My meeting canceled the minute I arrived at the coffee shop and ordered my drink. Before going back to the office, I decided to finish the coffee and scan an estate sale app to see if any sales were close by. Fortunately there was a sale less than a mile from me. Why not check it out?
Upon entering the house, I noticed shelves covered in cameras and binoculars. I skimmed over the cameras – most were overpriced point and shoot models – when I noticed something lying flat on the end of the shelf. I could tell it was a Polaroid SX-70 by the long flat base. It was without a price tag but I picked it up and continued to shop.
I decided to buy a vintage Pioneer SX-434 receiver and brought the camera with me to the cashier. When I asked him how much for the camera, he laughed, “Oh that old thing, how about $10?” he replied. I tried not to smile too big.
This is my third SX-70 camera and the two previous cameras are broken and need repair. If the cashier had named an expensive price, I would have reconsidered. However, at only $10 I knew I could get in cheap enough for it to either work or I could resell for parts and get my money back.
Introduced in 1978, this model offers Sonar auto-focusing which is best described by Polaroid from their manual:
As you begin to press the shutter button, your camera releases sound waves to the central part of the scene. The frequencies are far beyond our range of hearing and travel at the speed of sound. The split second it takes for the sound to reach your subject and the echo to return is fed into a tiny computer inside the camera. The computer uses this time measurement to calculate the distance between the camera lens and your subject, then signals a motor to turn the lens until your subject is in sharp focus. This extraordinary chain of events takes place in less that 1/3 of a second.
My first photo with the camera was out of focus, as you will see below, because I was unaware of this feature. Once I understood how to use the focus option, I went crazy with it.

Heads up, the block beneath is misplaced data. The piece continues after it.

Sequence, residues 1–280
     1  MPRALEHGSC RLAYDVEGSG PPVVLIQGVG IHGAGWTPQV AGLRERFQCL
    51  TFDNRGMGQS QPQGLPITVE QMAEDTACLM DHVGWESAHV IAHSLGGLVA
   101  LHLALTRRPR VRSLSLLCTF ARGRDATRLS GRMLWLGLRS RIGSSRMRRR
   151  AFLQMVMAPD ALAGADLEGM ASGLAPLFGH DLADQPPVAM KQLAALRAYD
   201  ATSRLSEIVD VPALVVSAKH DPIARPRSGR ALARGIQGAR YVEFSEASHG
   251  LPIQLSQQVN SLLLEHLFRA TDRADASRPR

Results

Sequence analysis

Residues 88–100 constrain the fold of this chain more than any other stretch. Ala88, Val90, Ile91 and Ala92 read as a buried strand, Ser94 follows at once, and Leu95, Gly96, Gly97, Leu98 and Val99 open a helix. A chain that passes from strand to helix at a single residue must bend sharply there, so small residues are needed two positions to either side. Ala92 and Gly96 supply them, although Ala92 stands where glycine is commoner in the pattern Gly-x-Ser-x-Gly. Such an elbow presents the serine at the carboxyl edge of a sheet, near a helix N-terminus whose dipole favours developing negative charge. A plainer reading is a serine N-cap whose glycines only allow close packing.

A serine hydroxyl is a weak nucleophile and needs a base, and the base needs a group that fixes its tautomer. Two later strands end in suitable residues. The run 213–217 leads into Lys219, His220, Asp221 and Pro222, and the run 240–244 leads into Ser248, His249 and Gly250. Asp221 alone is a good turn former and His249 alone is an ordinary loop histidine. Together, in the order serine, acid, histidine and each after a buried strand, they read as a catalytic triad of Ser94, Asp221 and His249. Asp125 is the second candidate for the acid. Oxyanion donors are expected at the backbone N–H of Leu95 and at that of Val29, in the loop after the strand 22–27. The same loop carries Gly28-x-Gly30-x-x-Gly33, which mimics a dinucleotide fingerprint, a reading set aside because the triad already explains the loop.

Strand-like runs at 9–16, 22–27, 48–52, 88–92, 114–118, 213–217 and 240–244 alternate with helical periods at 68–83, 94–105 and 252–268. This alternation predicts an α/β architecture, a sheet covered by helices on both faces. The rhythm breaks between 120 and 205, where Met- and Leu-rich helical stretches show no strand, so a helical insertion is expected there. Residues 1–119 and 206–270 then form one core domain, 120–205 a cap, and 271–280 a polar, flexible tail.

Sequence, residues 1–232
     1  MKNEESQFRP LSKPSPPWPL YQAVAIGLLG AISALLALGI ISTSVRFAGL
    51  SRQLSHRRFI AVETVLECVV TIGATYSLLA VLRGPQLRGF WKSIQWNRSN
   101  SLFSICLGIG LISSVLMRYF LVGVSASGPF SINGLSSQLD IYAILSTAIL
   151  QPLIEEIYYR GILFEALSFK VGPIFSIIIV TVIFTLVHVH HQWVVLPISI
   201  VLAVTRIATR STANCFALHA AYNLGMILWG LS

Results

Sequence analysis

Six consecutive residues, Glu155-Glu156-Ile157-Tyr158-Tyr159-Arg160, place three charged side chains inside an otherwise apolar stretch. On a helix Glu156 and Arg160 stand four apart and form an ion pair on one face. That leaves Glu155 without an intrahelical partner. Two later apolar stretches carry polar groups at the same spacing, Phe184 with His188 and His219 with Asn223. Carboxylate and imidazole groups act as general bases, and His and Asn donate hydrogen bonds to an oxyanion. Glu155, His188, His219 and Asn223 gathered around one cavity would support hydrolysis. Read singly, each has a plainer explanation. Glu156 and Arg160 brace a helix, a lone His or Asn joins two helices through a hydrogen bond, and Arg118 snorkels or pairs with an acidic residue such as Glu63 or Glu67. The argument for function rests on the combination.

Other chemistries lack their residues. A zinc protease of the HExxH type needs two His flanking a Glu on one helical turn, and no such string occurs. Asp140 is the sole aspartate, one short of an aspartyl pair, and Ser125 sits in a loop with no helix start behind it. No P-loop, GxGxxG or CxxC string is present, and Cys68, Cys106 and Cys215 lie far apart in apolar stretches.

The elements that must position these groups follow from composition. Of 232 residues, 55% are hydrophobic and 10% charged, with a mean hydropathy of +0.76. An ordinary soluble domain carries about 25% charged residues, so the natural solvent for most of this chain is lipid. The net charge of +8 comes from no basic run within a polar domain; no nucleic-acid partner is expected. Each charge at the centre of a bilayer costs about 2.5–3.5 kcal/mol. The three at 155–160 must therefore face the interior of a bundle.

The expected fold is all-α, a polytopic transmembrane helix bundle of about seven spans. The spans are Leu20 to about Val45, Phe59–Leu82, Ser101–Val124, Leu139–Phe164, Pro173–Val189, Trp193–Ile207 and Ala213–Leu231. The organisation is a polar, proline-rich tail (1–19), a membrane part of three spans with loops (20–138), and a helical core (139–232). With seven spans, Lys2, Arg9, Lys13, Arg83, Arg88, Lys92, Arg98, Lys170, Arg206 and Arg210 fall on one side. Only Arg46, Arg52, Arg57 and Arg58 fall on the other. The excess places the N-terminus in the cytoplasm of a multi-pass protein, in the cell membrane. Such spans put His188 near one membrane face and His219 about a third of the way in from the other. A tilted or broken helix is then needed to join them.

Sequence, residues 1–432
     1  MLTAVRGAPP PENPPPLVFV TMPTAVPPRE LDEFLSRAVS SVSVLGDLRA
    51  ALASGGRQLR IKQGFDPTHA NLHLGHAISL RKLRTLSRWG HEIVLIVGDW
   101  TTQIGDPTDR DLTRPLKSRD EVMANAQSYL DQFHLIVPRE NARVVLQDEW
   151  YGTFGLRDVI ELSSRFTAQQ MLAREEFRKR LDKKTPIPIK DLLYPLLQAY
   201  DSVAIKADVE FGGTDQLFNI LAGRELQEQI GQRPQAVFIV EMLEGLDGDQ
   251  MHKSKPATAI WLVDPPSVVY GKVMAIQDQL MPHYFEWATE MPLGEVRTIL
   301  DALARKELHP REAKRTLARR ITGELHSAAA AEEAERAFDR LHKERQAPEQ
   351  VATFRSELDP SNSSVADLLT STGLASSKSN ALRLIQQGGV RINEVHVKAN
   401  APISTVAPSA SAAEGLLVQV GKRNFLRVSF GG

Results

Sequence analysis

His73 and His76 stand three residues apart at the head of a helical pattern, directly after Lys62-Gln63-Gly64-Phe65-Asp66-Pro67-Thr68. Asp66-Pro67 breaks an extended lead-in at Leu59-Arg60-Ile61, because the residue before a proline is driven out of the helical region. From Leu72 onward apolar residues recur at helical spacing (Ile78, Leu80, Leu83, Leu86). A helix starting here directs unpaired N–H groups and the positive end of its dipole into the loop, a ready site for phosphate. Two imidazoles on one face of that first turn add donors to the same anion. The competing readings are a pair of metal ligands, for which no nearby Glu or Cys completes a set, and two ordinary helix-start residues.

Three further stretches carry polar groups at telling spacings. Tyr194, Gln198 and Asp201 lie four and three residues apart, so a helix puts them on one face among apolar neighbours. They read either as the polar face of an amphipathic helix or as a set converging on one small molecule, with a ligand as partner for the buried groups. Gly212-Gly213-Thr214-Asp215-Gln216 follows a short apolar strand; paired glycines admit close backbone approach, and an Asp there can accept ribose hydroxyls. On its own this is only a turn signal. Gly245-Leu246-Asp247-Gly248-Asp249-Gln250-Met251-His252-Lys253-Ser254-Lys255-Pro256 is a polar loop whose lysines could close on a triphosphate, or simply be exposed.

So, how did the photos turn out?
My first shot was of our flower bed in the back yard. I impatiently loaded the film and hit the shutter button like I would on any regular Polaroid camera. I obviously did not take into account the auto focus option of the Sonar model and the shot came out blurry. However, it was a positive sign that the photo ejected and developed properly.
User error is to blame for this photo. One morning there was an intense fog in our neighborhood and I tried to capture the house across the street. Technically, that’s just what the camera did, however it captured more of the white fog than I anticipated.
This is the photo where I began to understand the power of the Sonar auto focus. I love how the tree in the foreground is in focus while the river and other trees in the background are blurry.
I continued to harness the auto focus power of the camera by focusing on the street lamp.
At this point, I’m obsessed with the auto focus feature and want to push the limits with what the camera can capture. The idea here is to capture the tree in focus with more of the background out of focus. I took this early one morning and I believe with more sunlight the background would have shown more color.
I love this little tree in our neighborhood. Again, it was an early morning shot and I think more sun would have resulted in brighter colors.
At this point you understand my obsession with the auto focus and I need not explain further. Understand I usually shoot with a Polaroid 600 model without any focusing options so the SX-70 Sonar is an upgrade in terms of focus.
I am excited that after 40 years, the camera works properly and I was able to shoot an entire pack of film. I look forward to using it as much as possible in the future!